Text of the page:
Between CEO’s confessing to corporate misdoings, and celebrities regretting their latest offensive tweet, the public apology has become as commonplace as the crazy cat video. But how does an apologizer know if they’ve been forgiven for their transgressions? By checking the “Sorry” app, of course!
Former news anchor, Greta Van Susteren cryptically teased the release of her new app on Facebook. Was she serious? Is this a real thing? Do we actually need an app for public apologies? I can’t answer the first two questions, but I can answer the third. Sorry sounds like exactly what we need to kick off the new year.
The app (allegedly) comes with two apology levels: public and private.
If you’ve wronged your spouse, you can us the app to privately say you’re so, so very sorry. If and when the offended party accepts, via the “accept” button on the app, then you’ll know it’s safe to come home. Apology rejected? Better make other plans. Maybe the app can have an upgrade option that gives you good long-term rates at a local hotel.
The public side of the app is where its at. Every day, the app users can skim through a list of current public apologies accepting and rejecting along the way.
Movie star apologies for his insensitive remarks on the red carpet: apology rejected!
With great celebrity comes great responsibility, so you’re not getting off that easily.
CEO says he’s sorry your date is now in the hands of a hacker: apology accepted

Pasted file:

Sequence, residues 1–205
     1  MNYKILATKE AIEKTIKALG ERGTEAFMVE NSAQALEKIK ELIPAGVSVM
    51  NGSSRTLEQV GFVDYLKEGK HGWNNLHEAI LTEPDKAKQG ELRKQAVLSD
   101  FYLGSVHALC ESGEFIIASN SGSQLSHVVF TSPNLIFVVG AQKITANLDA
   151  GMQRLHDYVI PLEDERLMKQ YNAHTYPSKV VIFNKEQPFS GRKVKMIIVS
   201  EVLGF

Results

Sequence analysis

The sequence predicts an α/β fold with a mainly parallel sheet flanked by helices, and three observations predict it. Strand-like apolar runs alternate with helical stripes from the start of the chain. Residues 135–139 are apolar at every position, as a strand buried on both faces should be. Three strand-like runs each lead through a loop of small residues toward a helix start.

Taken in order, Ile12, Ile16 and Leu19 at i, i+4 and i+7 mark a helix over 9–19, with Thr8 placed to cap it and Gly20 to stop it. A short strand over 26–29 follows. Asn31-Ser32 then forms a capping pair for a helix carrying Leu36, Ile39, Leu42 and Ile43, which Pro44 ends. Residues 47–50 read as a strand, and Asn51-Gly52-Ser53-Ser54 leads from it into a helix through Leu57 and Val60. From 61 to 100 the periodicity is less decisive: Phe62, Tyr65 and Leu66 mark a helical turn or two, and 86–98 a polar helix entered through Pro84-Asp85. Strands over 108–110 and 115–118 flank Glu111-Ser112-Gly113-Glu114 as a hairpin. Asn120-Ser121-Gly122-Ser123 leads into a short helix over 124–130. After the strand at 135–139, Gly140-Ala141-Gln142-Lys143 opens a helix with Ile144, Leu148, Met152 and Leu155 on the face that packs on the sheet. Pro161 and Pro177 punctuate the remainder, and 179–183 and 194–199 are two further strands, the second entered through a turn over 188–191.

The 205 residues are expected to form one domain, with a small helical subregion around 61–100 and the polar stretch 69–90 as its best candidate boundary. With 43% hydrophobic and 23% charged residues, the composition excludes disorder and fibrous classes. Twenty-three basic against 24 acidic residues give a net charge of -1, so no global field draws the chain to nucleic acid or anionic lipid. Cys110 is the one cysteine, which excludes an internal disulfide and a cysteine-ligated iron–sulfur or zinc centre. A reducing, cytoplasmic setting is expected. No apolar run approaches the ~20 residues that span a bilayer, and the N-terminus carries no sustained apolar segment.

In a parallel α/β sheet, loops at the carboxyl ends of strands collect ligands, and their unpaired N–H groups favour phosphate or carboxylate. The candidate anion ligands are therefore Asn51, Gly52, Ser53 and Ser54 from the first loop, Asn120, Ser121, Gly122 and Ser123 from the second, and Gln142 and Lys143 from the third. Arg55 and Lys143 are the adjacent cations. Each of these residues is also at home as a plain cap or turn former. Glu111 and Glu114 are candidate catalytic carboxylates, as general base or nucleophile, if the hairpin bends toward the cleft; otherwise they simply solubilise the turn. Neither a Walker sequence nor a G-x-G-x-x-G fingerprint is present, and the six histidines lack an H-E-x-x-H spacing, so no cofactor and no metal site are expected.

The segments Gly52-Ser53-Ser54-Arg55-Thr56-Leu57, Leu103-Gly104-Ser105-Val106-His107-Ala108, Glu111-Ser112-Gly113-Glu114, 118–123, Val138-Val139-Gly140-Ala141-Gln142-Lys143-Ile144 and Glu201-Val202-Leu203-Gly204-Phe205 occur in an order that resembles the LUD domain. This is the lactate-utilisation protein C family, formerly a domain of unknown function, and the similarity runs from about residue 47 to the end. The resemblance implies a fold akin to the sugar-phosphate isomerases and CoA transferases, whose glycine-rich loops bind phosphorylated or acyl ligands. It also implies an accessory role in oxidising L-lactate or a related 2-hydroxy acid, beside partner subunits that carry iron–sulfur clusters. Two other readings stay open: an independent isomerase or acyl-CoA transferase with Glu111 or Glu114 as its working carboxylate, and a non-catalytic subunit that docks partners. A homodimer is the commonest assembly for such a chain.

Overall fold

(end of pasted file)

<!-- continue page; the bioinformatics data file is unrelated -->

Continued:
Data breaches are so common these days, there’s really no profit in holding a grudge.
And speaking of data, Van Susteren could make a mint selling off the app data if this thing blows up.
What would a PR firm pay to the demographics on who accepted their client’s apology and who didn’t? It would be much easier to draft a follow-up statement if you new it was 80% young, educated women who gave the thumbs down, wouldn’t it?
If we were talking about this 5 years ago, it would sound like a silly, flash-in-the-pan idea, but the world has changed in so many ways. Take the recent round of accusations in Hollywood. In the past, a studio would have rallied behind their stars. A donation to charity, a few pictures with a group of needy kids and you’re back in the public’s good graces.
We’re not falling for that anymore. Now, instead of rallying, companies are doing all they can to distance themselves from the offenders and it’s costing billions. Reparations, shutdowns, canceled contracts, finding last minute replacements, wiping all evidence of a connection off of advertising, even past projects. I’m not minimizing the social and emotional impact of this year’s biggest offenders, but the financial impact is putting good companies and good people out of business.
Greta Van Susteren’s ‘Sorry’ app is a sign of the times. Sure, plenty of people will see it as a fun, little game for the celebrity obsessed. Others will view it as a way to make their voice heard. But for you, the business owner, CEO or celebrity, having the app on your phone will be a daily reminder to live your life in a way that leave you never having to say you’re sorry.
Andy’s take: If you make a mistake, consider this app as just one more new channel to share your regret and apology. Don’t make the mistake in thinking this app can replace the need for you to make a heartfelt, personal apology to those you’ve offended.